In his book The Seven Beauties of Science Fiction, Istvan Csicery-Ronay Jr. explains some of the most common themes of science fiction. He did this in order to examine how these themes could apply and impact our lives as we navigate a world that relies increasingly on technology and information. However, they also make great guidelines for examining science fiction and for writing your own stories that take place somewhere far off in time and space.
We went over these seven beauties early in the semester in my SF/Fantasy literature course, but today we went over them again. It was an optional class today that focused more on fantasy than science-fiction, and we came up with our own seven beauties of fantasy because the two genres overlap and are entwined in so many way. After class, I came up with my own list the horror, but could only come up with five beauties. Oh well.
Anyway, I thought I’d do a trilogy of posts that focused on the different beauties for each genre, because they are related genres and because they overlap in so many ways, so it’s interesting to examine some of the mores and common themes of these three genres. First, I’d like to start with the seven beauties of science fiction, because that’s what I learned first and it’s from these that my class created the seven beauties of fantasy, and I created the five beauties of horror.
With each beauty, I give a definition and an example, some from books and movies I’ve read/watched, some from my own work, and some that I’ve just heard about. If you have any examples, please let me know. I may just add them into the list.
1. Neologisms–new words or phrases that are exclusive to the world of the story. Every term that refers to something that only exists in that world, that’s a neologism. Consider the term twanking from the short story Mr. Boy, or warp in Star Trek. Those terms are a part of the story, and outside the story don’t have any relevance (unless, for the latter term, you’re a theoretical physicist trying to figure out how to warp something from one end of the room to the other).
2. Novums–technology or inventions that exist only in the story of the world. Take the ansible from Ender’s Game, or the lightsaber, or the TARDIS. These are technologies years ahead of us, only existing in stories and as imitations we see sometimes at comic book conventions. One can consider the flying saucer a novum, because as far as we know, real flying saucers don’t exist.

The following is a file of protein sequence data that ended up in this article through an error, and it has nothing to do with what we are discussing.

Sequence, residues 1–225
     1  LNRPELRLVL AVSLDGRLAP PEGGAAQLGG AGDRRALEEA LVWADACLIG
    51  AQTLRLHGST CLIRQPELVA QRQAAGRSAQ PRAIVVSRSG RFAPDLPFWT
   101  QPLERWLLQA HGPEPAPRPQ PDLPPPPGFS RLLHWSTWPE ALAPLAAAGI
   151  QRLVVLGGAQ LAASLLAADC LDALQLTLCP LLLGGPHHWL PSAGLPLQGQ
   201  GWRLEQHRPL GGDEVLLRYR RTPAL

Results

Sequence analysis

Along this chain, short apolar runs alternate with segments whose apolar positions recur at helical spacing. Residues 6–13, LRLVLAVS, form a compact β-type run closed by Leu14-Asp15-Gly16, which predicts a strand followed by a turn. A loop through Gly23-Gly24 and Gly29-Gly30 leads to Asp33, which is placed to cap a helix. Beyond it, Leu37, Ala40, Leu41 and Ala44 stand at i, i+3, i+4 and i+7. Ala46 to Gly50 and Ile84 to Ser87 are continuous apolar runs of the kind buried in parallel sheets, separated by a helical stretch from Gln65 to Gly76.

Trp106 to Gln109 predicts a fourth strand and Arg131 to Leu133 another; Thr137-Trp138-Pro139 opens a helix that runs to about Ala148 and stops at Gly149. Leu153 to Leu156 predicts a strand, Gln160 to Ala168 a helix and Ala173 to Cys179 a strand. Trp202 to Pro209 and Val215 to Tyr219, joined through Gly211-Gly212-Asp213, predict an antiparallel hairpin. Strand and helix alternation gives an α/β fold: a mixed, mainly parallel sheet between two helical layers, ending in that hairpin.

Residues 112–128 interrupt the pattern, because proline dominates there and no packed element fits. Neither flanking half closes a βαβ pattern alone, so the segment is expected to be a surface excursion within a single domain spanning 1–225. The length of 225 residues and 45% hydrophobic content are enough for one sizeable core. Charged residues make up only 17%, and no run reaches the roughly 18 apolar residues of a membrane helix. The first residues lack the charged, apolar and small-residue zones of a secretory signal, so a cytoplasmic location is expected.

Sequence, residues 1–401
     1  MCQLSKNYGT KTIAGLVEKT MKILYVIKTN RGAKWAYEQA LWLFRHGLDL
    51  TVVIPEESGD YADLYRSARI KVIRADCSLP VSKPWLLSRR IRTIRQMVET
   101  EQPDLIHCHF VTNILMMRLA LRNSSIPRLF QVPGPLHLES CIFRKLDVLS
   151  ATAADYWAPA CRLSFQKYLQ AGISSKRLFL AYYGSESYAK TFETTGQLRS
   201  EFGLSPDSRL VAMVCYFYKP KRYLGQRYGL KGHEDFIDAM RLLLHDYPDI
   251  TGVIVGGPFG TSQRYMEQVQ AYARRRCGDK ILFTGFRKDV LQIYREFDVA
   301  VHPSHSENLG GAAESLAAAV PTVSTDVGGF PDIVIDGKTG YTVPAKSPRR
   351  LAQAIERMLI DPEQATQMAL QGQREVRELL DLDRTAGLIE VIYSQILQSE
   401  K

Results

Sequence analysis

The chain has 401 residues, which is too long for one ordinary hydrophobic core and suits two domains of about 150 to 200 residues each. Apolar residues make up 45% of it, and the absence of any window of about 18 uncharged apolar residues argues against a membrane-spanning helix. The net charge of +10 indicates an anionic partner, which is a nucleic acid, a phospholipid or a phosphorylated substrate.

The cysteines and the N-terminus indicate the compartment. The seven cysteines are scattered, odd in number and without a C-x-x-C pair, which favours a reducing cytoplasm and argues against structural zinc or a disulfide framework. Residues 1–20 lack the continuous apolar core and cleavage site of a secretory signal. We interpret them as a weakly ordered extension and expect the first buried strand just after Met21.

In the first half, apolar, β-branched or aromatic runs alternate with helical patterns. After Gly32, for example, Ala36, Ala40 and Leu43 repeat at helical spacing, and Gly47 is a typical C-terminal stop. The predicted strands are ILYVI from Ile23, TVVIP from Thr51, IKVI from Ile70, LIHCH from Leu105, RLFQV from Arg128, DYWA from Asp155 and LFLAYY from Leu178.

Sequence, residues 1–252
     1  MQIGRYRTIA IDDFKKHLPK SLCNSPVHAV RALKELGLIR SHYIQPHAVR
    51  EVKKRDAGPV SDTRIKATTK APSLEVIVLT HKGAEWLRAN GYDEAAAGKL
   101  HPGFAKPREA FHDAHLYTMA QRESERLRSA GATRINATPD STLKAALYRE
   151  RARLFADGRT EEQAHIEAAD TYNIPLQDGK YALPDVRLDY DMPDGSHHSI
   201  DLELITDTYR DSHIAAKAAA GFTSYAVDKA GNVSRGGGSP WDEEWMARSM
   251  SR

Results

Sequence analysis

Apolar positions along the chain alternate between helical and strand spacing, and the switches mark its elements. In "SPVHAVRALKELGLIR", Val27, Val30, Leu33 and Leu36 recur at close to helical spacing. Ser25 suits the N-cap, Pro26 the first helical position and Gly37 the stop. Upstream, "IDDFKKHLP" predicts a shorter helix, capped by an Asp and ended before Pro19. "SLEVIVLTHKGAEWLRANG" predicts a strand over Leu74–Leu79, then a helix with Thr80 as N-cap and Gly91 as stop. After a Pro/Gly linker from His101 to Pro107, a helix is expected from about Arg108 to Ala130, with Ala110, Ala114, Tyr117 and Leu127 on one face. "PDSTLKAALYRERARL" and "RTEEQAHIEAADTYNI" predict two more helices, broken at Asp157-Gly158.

3. Historical extrapolation–referring to events that happened in the past in order to explain the world as it is now. You know how in Episode IV of Star Wars Obi-Wan explains how the Empire rose and the Jedi Order was destroyed thanks to Darth Vader? That’s historical extrapolation. It’s referring to events not always seen in the actual story to explain how the world we are in came to be. Other examples include how the first invasion of the Buggers in Ender’s Game creates Ender’s world and the aliens coming to Japan during the Meiji era in GinTama.
4. Oxymoron–implausibility or absurdities that only work in the story. An example of this would be crossing a human with a housefly to get a man-fly or radiation causing the dead to rise, like in the original Night of the Living Dead. Another way to look at this would be the idea that the human species develops in other regions of the universe at the same time, and when all the species come together, they find out they are all similar. It’s not likely, is it? Yet we see it in science-fiction and we don’t question it.
5. Scientific Impertinence–when laws that are deemed “unbreakable” by science are broken. Travelling at light-speed without expanding your mass to incredible sizes or traveling through time and space all in the course of a second without any aftershocks or side-effects might count as this. Scientifically, they can’t happen, but they do in these stories.
6. Sublime chronotopes– the space/time of the story. A science-fiction story is our world with added elements of scientific nature. Therefore, Star Trek and everything in its franchise are technically taking place in this world, but in the future and on other planets or in the void of space. Therefore, defining the sublime chronotopes of a story is defining its time and space relative to yours.
7. Parable–what’s the story about? Most sci-fi stories, we will find, is a parable that explores a certain issue. District 9 is about apartheid and racism. Do Androids Dream of Electric Sheep? explores what it means to be human. 2001: A Space Odyssey is about mankind’s dependence on technology. And A.I. Artificial Intelligence explores what could happen if robots and humans learned to bond with each other.
Whether you agree or disagree with these 7 Beauties of Science Fiction, they are useful in exploring the genre. And sometimes you can even use them as a tool in the endless debates that seem to come from popular franchises and stories.
What do you think of the 7 Beauties listed here? Do you agree or disagree? Why? Do you have any examples?